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Let $B$ be a standard Brownian motion on $(\Omega, \mathcal{F}, P, ({\mathcal{F}_t})_{t\ge0})$, where the filtration is the one generated by $B$. Fix a time interval $[0,T]$. Define the process $X$ as the solution to the SDE $$ \mathrm dX_t = \sigma X_t\,\mathrm dB_t,\quad X_0 = 1. $$

Define, for each real number $\alpha$, a measure $P_{\alpha}$, such that $X$ under $P_{\alpha}$ solves the equation $$ \mathrm dX_t = \alpha X_t\,\mathrm dt + \sigma X_t\,\mathrm dB^{\alpha}, $$

where $B^{\alpha}$ is a Brownian motion under $P_{\alpha}$. Give an explicit expression for the Radon-Nikodym derivative (likelihood process) $$ L^{\alpha} = \frac{\mathrm dP_{\alpha}}{\mathrm dP_0}, $$ on $\mathcal{F}_t$.

So this is the question. And I guess you're supposed to use the Itô formula. But I've had a hard time grasping the question. Some guidance on how I could think and where I should begin would be more than appreciated!

(This is my first post on this site and also the first time i use TeX so might not look very good, hopefully you'll understand anyway!)

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Yep, looked like my attempt of using TeX was not very good. –  Good guy Mike Nov 29 '12 at 20:21
    
I've edited the TeX. Most of it was fine, except that you're missing \$'s (see the edit). –  Stefan Hansen Nov 29 '12 at 20:25
    
For a first time question this is well asked with a nice bit of context +1. +1 for also being relevant to my own current assignment :) –  Simon Hayward Nov 29 '12 at 20:42
    
Oh you needed to place those before and after, tried using them before the expressions but didn't make much of a difference. Thank you for editing! –  Good guy Mike Nov 29 '12 at 20:49

1 Answer 1

up vote 0 down vote accepted

You have the explicit solution

$$X_t=\exp{(\sigma B_t -\frac{1}{2}\sigma^2 t)}$$

which is a martingale (important!). I assume that it is meant that $B^0=B$, and $P^0$ is the original measure? What you are actually doing is going "backwards" in the BS-model. There you start with something like $dX_t=\alpha X_tdt+\sigma X_t dB^\alpha_t$ and you want to get rid of the drift term.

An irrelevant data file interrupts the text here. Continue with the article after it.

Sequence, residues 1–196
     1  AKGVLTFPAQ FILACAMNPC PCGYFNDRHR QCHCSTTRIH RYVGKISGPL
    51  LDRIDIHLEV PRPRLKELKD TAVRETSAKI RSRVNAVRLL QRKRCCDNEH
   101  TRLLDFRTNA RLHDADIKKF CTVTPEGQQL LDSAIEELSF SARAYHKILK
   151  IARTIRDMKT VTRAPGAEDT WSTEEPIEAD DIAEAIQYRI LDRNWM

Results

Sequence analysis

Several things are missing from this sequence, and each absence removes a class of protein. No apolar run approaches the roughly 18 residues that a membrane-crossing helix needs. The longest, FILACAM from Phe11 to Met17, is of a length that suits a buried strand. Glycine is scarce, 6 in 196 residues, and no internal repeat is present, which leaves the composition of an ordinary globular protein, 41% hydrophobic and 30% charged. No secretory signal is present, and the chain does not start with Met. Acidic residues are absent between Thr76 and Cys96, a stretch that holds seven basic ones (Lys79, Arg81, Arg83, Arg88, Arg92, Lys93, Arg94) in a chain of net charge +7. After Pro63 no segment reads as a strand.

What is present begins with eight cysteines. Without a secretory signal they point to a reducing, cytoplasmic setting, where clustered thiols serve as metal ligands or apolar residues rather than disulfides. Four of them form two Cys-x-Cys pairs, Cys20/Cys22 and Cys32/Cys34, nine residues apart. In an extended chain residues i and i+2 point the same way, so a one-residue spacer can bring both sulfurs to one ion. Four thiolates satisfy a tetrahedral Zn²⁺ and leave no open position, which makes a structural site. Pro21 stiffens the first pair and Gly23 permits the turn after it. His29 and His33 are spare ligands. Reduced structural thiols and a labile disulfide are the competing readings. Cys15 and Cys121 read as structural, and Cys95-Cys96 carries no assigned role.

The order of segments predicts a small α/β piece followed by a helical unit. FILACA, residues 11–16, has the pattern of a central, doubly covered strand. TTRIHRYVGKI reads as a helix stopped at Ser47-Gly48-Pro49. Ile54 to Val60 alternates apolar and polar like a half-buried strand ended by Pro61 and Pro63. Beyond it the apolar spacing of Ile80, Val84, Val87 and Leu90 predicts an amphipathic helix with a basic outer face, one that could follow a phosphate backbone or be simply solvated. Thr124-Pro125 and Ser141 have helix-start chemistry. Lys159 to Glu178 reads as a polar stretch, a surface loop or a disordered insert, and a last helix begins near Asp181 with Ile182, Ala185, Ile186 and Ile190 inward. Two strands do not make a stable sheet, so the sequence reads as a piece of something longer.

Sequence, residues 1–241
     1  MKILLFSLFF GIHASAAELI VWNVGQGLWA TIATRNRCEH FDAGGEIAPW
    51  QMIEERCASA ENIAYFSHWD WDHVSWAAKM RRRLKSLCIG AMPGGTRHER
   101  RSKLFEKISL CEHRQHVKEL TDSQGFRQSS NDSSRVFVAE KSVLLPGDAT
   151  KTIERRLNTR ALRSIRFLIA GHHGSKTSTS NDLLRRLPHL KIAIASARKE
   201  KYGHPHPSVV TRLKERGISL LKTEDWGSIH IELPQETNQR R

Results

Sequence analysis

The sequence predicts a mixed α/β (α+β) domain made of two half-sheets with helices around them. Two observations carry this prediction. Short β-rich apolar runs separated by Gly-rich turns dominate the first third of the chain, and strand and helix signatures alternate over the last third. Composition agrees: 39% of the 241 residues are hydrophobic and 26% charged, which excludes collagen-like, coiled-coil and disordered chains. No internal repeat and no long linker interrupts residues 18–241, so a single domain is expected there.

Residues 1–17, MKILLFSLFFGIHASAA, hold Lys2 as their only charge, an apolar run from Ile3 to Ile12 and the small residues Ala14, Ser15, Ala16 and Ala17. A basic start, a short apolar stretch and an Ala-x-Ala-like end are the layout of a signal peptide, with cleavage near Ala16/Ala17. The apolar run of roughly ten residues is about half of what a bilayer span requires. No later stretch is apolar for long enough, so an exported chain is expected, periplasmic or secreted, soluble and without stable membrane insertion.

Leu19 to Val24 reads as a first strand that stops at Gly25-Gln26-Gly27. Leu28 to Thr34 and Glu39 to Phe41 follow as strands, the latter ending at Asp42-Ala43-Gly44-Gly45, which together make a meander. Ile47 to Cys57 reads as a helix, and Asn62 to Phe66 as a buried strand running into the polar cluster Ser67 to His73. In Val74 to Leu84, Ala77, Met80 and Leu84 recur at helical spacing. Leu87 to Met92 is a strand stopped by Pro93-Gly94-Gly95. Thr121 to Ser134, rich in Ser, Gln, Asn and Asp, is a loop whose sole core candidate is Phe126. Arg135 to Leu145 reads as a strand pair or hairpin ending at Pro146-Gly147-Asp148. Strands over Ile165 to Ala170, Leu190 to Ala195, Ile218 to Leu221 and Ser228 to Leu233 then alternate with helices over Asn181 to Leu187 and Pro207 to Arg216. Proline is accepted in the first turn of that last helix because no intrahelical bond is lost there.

Define $$L^\alpha=\frac{dP^\alpha}{dP^0}:=\mathcal{E}(-\int\frac{\alpha}{\sigma}dB)$$ where $\mathcal{E}(X):=\exp{(X_t-\frac{1}{2}\langle X \rangle_t)}$ denotes the stochastic exponential. So we have to verify that this density does the job.

First note, that we have $L^\alpha >0$, $L^\alpha$ is a martingale and $E[L^\alpha_T]=1$, so we can indeed define an equivalent probability measure. What we know is: $B$ is a $P^0=P$ Brownian Motion, we have $P^\alpha$ is equivalent to $P$ and the density is of the form $\mathcal{E}(\int b_s dW_s)$, where $b_s=\frac{\alpha}{\sigma}$, which does not depend on $s$. Then Girsanov's Theorem tells us that $B=B^\alpha + \int\frac{\alpha}{\sigma}$ for a Brownian Motion $B^\alpha$ under $P^\alpha$, i.e. $dB=dB^\alpha +\frac{\alpha}{\sigma}dt$. Plug this into the original SDE, yields under $P^\alpha$:

$$dX_t=\sigma X_t d(B^\alpha_t+\frac{\alpha}{\sigma}dt)=\alpha X_tdt+\sigma X_t dB^\alpha_t$$

which is exactly the desired result.

Note:I'm just learning about this stuff myself, so please be critical! cheers

math

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Thank you very much, well presented solution. Yes I think you can assume that $B^0 = B$ (if by this you mean that B is the BM under $P^0$) and that $P^0$ is the original measure. I have a few questions though that I don't completely understand. At first, what makes it important that $dX_t$ is a martingale? –  Good guy Mike Dec 1 '12 at 13:43
    
@GoodguyMike Just let me know, which things are not clear. I try to clear up all upcoming questions –  math Dec 1 '12 at 13:44
    
@GoodguyMike Let's continue the discussion in chat chat.stackexchange.com/rooms/6577/… –  math Dec 1 '12 at 13:50
    
Ok, I'm quite new to this as I said before so still trying to figure out how everything works here :D –  Good guy Mike Dec 1 '12 at 13:52
    
Okey, I think I understood what you explained yesterday, but then it got me a bit confused since we had different notations e.t.c. So first we have these two SDEs. And I solve the first one for X using Itô's formula, giving me $X_t=\exp{(\sigma B_t -\frac{1}{2}\sigma^2 t)}$. Then I define a new measure $P^\alpha$ by $P^\alpha(A) = \int(Z_t1_A)dP$ Where $Z_t = exp(\theta B_t - frac{(\theta)^2}{2}t)$ Then by Girsanov's Thm we know that the Brownian Motion under this new measure is $B^\alpha_t = B_t - \theta t$ which gives us $B_t = B^\alpha_t + \theta t$ so we differentiate this and get –  Good guy Mike Dec 2 '12 at 11:13

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